Ahmaud Arbery’s mother is speaking out, accusing organizations of profiting off of his death. In a statement issued by Arbery’s mother, Wanda Cooper-Jones, she calls out individuals and foundations for using Ahmaud’s name without her permission for financial and personal gain.
“I cannot in good conscience support a page that now appears more like a business opportunity for its staff rather than getting justice for my son,” she wrote.
“I want to shed some light on this so that I continue to prepare myself for the true fight of justice for Ahmaud, protecting his character, and being strong for my family,” Cooper said
She goes on to explain that the social media page I Run With Maud started out as a memorial for her son, but has now become a business. Cooper-Jones said that she reached out to the page administrators to address the issue, and was told the problem would be corrected. “However, that never took place,” she wrote, adding that she has now been denied access to the administrators of the page.
By the evening of Sept. 4, the I Run With Maud Facebook page could not be accessed, indicating that it has been deleted or its privacy settings changed.
Arbery, 25, was unarmed when he was shot and killed by a white father and son who chased him down in pickup truck as he was on a run in a Brunswick, Georgia, neighborhood. His death sparked national outrage, and eventually three men were arrested after footage of the encounter in the coastal Georgia town led to mounting public pressure. Ten weeks elapsed between Arbery’s slaying and the date of the first arrests in the case.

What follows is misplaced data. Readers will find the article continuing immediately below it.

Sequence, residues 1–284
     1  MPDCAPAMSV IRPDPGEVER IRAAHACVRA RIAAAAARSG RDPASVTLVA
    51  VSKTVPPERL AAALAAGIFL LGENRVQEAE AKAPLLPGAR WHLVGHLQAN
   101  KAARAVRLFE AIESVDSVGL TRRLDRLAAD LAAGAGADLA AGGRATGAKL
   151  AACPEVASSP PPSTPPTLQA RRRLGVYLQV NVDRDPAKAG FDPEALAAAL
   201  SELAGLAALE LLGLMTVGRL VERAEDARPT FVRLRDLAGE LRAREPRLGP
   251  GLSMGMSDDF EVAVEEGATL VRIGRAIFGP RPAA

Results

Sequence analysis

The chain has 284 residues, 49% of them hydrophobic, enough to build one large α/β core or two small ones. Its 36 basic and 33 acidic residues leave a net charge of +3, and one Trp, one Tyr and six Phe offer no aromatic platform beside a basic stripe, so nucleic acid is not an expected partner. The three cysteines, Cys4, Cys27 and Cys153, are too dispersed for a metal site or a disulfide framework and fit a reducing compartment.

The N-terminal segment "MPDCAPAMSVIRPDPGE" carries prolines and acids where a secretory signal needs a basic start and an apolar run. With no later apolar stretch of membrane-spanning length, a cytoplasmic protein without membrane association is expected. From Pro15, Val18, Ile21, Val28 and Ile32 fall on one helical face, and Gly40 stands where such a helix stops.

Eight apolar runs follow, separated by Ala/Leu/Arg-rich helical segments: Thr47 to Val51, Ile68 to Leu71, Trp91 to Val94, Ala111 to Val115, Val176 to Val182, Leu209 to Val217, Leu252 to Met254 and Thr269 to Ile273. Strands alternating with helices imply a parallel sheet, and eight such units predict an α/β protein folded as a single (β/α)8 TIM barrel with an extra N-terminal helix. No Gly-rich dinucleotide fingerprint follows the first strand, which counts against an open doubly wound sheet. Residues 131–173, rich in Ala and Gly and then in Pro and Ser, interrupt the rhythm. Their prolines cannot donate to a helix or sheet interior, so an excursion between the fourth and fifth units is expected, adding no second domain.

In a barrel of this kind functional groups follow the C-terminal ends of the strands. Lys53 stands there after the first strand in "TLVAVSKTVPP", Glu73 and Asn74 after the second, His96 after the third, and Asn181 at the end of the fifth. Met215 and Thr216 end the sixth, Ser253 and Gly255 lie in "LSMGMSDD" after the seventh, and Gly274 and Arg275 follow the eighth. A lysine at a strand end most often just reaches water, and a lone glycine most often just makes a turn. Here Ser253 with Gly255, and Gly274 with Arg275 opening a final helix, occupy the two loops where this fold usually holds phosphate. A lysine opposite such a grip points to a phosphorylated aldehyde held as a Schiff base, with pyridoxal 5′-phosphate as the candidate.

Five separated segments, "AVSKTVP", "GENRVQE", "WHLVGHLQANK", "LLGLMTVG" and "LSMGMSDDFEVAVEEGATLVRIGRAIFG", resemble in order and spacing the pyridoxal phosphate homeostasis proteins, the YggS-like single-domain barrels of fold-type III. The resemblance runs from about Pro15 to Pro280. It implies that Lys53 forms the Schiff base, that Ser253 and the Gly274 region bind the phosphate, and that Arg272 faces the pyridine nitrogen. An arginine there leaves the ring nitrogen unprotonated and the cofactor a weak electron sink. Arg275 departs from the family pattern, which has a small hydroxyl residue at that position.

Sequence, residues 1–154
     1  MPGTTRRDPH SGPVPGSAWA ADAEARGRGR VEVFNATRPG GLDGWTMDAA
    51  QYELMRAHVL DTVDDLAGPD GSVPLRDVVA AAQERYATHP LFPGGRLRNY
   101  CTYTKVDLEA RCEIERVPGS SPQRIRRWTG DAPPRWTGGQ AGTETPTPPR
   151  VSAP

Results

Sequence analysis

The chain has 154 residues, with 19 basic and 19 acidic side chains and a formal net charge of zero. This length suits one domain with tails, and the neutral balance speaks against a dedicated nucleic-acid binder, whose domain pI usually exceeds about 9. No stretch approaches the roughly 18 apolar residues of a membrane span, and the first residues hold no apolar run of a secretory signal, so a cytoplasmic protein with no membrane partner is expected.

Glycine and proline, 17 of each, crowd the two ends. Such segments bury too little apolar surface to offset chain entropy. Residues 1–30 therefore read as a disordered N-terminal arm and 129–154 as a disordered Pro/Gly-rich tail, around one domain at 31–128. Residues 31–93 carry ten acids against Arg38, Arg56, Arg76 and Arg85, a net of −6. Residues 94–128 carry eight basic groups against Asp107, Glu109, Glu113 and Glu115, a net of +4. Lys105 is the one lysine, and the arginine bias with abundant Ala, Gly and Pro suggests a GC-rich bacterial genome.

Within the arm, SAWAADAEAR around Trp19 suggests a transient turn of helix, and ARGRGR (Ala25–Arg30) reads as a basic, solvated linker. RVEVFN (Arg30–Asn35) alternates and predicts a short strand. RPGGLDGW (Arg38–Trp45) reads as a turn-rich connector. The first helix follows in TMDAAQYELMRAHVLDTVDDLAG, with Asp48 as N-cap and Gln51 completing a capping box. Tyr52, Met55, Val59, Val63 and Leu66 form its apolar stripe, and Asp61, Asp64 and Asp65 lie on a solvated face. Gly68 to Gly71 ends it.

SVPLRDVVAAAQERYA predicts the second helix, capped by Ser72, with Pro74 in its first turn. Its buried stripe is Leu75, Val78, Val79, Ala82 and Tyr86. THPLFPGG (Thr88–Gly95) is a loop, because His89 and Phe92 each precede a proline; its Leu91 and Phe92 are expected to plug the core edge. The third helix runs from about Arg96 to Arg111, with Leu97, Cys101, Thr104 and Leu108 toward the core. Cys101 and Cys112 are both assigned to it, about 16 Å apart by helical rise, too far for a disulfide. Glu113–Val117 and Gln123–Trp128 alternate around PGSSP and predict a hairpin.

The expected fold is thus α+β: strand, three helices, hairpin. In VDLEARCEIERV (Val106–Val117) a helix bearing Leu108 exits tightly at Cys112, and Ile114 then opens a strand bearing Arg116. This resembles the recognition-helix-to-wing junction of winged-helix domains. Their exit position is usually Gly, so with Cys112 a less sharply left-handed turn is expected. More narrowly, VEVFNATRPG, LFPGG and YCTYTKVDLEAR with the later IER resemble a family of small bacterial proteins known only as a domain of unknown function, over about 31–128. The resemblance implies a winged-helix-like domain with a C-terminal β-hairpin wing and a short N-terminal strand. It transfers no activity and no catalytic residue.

Cooper-Jones also revealed that someone filed a trademark for “I RUN WITH MAUD” on May 9, the day after her son’s birthday. “I did not agree to the trademark nor was I asked to be a part of it,” she wrote. She said one of the trademark applicants didn’t even know Ahmaud but was attempting to profit from his name.
A variety of T-shirts bearing the phrase “I Run With Maud” can be found for sale online by numerous different sellers.
Cooper-Jones said that she did not start the “I Run With Maud” GoFundMe, which has raised nearly $2 million. She said one of Ahmaud’s friends suggested a fund be opened and that she has returned to work.
Cooper-Jones also accused Jason Vaughn, a local high school coach who she said did not have a close relationship with her son, of profiting from his death through the organization Foundation 2.23. “Within seven days of the foundation’s launch, its organizers had already planned a large fundraiser,” she said. The numbers “2.23” represent February 23, the date on which Arbery was fatally shot.
“The truth is I buried my son and there is nothing about a trademark, a social media page,
money, or control that will fix that. I now must protect my son’s name,” Cooper-Jones said.
Gregory McMichael, 64, his son Travis McMichael, 34, and William “Roddie” Bryan Jr., 50, have all been charged with felony murder in Arbery’s death.